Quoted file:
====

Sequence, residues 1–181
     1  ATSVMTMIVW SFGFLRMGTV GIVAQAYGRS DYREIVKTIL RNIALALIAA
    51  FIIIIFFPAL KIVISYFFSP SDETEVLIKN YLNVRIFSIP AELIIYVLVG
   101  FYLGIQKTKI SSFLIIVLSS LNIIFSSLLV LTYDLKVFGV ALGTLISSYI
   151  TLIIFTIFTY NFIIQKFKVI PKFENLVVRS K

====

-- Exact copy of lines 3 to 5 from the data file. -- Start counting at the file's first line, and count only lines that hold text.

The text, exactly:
    51  FIIIIFFPAL KIVISYFFSP SDETEVLIKN YLNVRIFSIP AELIIYVLVG
   101  FYLGIQKTKI SSFLIIVLSS LNIIFSSLLV LTYDLKVFGV ALGTLISSYI
   151  TLIIFTIFTY NFIIQKFKVI PKFENLVVRS K